EL CERRITO -- The City Council this week denied the appeal by a group of residents of a use permit for an AT&T cell phone antenna, but came up with a list of conditions the telecom giant must meet if it wants final approval to install the device.

The residents were appealing a conditional use permit granted by the Planning Commission in June for an antenna to be placed on a hillside PG&E power pole near 851 Seaview Drive.

The council, during an Aug. 20 public hearing on the appeal, told AT&T representatives that they must pay for a consultant of the city's choice to do an analysis proving that there is a cell phone "coverage gap" in the El Cerrito hills that requires the new installation, as the company claims.

It must also come up with alternative ways of placing its equipment on the pole at 851 Seaview Drive or propose placing a pole in another location to reduce or eliminate the impact on residents' views.

AT&T must also do annual inspections for five years of the equipment at the site to measure radiation emissions, submit a report about how much noise the antenna equipment will emit, and inspect the pole at 851 Seaview to see if it is structurally sound and replace it if it isn't.

Four other applications for antennas at 906 Balra Drive, 762 Colusa Ave., 7800 Eureka Ave. and 202 Seaview Drive also received use permits from the planning commission in June, but none of those permits were appealed.

Those four antenna applications will come before the Planning Commission once again for a design review, probably in September, after the city's design review board rejected their design for being visually unappealing.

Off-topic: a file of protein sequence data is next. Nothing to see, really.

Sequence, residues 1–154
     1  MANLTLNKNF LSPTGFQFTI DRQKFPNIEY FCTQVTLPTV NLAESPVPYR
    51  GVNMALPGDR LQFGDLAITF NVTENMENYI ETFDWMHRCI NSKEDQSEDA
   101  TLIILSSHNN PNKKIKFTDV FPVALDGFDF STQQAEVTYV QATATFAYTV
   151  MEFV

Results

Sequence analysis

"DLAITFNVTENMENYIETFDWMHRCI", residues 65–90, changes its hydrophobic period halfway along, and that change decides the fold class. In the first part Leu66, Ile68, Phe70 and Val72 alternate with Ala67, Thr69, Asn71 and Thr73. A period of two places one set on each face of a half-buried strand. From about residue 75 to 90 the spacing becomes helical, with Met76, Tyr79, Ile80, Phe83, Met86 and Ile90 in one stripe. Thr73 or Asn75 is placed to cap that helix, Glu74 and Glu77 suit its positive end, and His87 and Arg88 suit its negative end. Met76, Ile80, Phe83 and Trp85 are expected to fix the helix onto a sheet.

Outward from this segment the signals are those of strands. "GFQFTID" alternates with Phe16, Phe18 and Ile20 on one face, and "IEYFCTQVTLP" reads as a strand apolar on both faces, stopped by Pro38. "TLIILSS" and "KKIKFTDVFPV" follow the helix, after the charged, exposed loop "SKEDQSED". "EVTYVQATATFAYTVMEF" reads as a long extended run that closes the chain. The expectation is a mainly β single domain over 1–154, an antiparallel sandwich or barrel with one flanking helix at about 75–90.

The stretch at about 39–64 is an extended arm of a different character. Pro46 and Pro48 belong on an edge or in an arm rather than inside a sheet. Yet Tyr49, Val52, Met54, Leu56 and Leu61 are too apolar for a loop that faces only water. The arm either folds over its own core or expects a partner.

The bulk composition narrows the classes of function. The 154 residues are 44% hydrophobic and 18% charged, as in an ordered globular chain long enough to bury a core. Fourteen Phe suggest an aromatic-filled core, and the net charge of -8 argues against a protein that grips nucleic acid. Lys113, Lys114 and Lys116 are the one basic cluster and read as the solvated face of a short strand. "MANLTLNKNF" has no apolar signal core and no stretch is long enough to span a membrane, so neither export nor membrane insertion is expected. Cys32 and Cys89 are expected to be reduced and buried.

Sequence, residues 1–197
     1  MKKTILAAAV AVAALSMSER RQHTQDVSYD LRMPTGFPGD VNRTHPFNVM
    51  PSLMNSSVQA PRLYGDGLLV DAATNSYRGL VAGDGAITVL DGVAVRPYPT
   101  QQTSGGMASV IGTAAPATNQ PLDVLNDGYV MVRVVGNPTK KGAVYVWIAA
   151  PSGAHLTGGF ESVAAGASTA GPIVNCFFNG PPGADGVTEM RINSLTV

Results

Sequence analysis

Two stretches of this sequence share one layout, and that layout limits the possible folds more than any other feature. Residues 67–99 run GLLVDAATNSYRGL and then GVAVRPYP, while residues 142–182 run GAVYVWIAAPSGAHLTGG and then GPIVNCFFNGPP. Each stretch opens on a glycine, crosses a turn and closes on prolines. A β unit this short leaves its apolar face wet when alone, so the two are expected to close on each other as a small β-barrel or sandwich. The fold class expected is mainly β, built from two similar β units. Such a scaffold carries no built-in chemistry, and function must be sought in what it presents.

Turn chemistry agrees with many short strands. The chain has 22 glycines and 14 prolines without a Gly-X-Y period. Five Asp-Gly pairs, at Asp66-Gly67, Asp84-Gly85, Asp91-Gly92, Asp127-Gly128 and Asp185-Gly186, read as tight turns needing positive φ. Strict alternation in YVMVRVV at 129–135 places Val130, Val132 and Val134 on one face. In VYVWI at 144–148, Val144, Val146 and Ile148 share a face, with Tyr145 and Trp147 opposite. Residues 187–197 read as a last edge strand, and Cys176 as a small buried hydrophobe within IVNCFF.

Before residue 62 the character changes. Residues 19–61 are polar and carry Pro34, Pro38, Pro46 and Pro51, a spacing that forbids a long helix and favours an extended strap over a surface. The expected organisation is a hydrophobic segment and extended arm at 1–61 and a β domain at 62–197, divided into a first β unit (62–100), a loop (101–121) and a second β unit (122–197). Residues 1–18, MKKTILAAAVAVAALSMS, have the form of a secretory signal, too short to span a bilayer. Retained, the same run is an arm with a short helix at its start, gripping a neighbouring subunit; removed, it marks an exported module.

About 25 to 30 residents turned out to protest AT&T's plans at 851 Seaview and urge the company to work with them to find an alternative solution.

"The antenna is unsightly, ugly and will contribute to the degradation of the landscape," Seaview Drive resident Diana Inchauspe told the council. "Give AT&T time to consider other options."

Judith Rosen, another Seaview Drive resident, said she is concerned about the extra weight of the antenna, which rises about 10 feet above the 35-foot-high pole.

"What additional stresses are going to be on the pole that could affect it in an earthquake?" Rosen asked.

Several speakers disputed that the coverage gap exists, saying that their AT&T cellular service is excellent both inside and outside their homes.

"It's ironic that AT&T says they need better coverage, but the people in the neighborhood say they don't need it," said Mayor Greg Lyman, in backing the independent assessment of AT&T's coverage gap claims. "If there's no gap, there's no need for an (antenna)."

Ken Mintz, AT&T's manager for external affairs for Contra Costa County, said the antennas will be needed to fulfill exponentially rising demand for data downloads, adding that the company has focused on the five antenna sites after weighing all alternatives.

"This is about more than just the ability to make a phone call," Mintz said. "There are no more sites that can fulfill these needs."

Later in the meeting, the council gave tentative approval to a single-use plastic bag and polystyrene food container ordinances.

The bag ordinance, similar to one in effect in Alameda County, would prohibit retailers from providing free plastic bags to customers at checkout and would impose a charge for paper bags.

The food container ordinance would prohibit using polystyrene containers for takeout food, that don't degrade in the environment, in favor of compostable or recyclable containers.

The ordinances would go into effect Jan. 1 if the council gives a final go-ahead later this year, said Garth Schultz of the city's environmental services division.